Close by me forever, and love me, I pray;
Bless all the dear children in Thy tender care,
And fit us for Heaven to live with Thee there.

Words for verses 1 & 2 were written anonymously, Verse 3 by John T. McFarland (19th Century)
Music: Two common tunes, 1st by James R. Murray, 1887; 2nd by William J. Kirkpatrick, 1895

 


and she gave birth to her firstborn, a son. She wrapped him in cloths and placed him in a manger, because there was no guest room available for them.
Luke 2:7

When he had led them out to the vicinity of Bethany, he lifted up his hands and blessed them. While he was blessing them, he left them and was taken up into heaven. Then they worshiped him and returned to Jerusalem with great joy. And they stayed continually at the temple, praising God.
Luke 24:50 – 53

The Lord watches over you—the Lord is your shade at your right hand; the sun will not harm you by day, nor the moon by night. The Lord will keep you from all harm—he will watch over your life; the Lord will watch over your coming and going both now and forevermore.
Psalm 121:5 – 8

Keep your lives free from the love of money and be content with what you have, because God has said,
“Never will I leave you; never will I forsake you.”
Hebrews 13:5

in Christ Jesus you are all children of God through faith
Galatians 3:26

And we all, who with unveiled faces contemplate the Lord’s glory, are being transformed into his image with ever-increasing glory, which comes from the Lord, who is the Spirit.
2 Corinthians 3:18


 

Sometimes the simplest things are really the best. You know, when you strip aware all the glitz and glamor, when all the unnecessary extras are removed, you are left with what really matters.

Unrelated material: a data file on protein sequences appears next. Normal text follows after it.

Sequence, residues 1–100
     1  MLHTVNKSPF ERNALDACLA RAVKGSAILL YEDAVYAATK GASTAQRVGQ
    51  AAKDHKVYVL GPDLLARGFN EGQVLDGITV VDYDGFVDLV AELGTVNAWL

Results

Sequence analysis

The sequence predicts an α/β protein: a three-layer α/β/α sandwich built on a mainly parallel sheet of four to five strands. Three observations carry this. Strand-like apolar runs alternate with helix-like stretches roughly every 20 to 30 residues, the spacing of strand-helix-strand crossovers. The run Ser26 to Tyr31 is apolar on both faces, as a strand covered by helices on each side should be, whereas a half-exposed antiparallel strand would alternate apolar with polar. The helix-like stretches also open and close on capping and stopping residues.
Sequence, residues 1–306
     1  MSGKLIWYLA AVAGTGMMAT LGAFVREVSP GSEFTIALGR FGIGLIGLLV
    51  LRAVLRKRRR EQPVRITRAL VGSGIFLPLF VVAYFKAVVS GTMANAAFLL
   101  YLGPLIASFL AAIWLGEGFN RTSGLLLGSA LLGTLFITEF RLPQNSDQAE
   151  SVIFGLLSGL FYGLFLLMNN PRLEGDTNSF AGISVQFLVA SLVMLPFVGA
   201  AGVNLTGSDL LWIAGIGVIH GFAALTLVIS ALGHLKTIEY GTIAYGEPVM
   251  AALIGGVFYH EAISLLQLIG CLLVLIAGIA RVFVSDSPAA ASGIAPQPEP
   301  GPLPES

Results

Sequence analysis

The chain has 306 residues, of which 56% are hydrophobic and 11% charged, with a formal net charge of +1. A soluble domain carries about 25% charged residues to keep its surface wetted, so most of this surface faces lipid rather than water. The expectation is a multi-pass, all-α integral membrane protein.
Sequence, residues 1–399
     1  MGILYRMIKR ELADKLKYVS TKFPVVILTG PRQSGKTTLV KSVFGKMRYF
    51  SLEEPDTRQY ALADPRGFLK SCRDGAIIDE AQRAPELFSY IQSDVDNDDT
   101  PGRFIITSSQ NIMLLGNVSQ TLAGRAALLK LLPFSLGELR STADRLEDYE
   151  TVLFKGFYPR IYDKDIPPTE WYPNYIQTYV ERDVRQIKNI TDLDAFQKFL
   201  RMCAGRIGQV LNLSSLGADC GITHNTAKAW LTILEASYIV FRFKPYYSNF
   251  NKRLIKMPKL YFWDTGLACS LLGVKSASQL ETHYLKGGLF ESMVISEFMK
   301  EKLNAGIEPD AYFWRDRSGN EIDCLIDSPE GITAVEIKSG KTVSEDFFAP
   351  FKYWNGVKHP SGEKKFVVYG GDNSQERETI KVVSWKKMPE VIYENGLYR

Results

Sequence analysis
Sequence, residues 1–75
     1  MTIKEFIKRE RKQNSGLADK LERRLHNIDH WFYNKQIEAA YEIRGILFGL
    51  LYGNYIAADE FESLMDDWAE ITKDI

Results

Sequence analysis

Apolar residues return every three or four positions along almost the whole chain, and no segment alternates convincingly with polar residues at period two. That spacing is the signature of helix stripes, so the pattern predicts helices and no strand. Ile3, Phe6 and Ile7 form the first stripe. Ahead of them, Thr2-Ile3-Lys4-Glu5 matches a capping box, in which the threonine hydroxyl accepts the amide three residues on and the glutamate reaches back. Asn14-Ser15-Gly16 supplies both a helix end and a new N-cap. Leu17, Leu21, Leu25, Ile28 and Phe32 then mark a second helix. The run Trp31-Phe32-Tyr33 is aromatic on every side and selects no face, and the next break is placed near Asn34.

Hymns are no exception. Some hymns are powerful with grand scores that draw you in. Some have profound teachings in their deep theological truths. But sometimes, the simpler the music and message, the more moving and profound the song. This is the case with the dearly loved hymn, “Away In A Manger.”

“Away in A Manger” is often thought of as a children’s hymn, taught to them from a young age. But this hymn with it gentle lullaby tune (no matter which of the two tunes you prefer) leads us to sit calmly and listen to the words, no matter our age.

In the first verse we sing, “Away in a manger, no crib for a bed, The little Lord Jesus laid down His sweet head.” It is a poetic restating of Luke 2:7 where we read, “. . . She wrapped him in cloths and placed him in a manger, because there was no guest room available for them.”

In the second verse, the poetic picture continues to be draw of the infant Jesus. As a result, we have a picture drawn within our minds that we can not help but be moved by. But to often we think of Jesus at Christmas and picture only the infant child. We need to remember that this child born that first Christmas is the same Jesus who “. . . was taken up into heaven,” (Luke 24:51)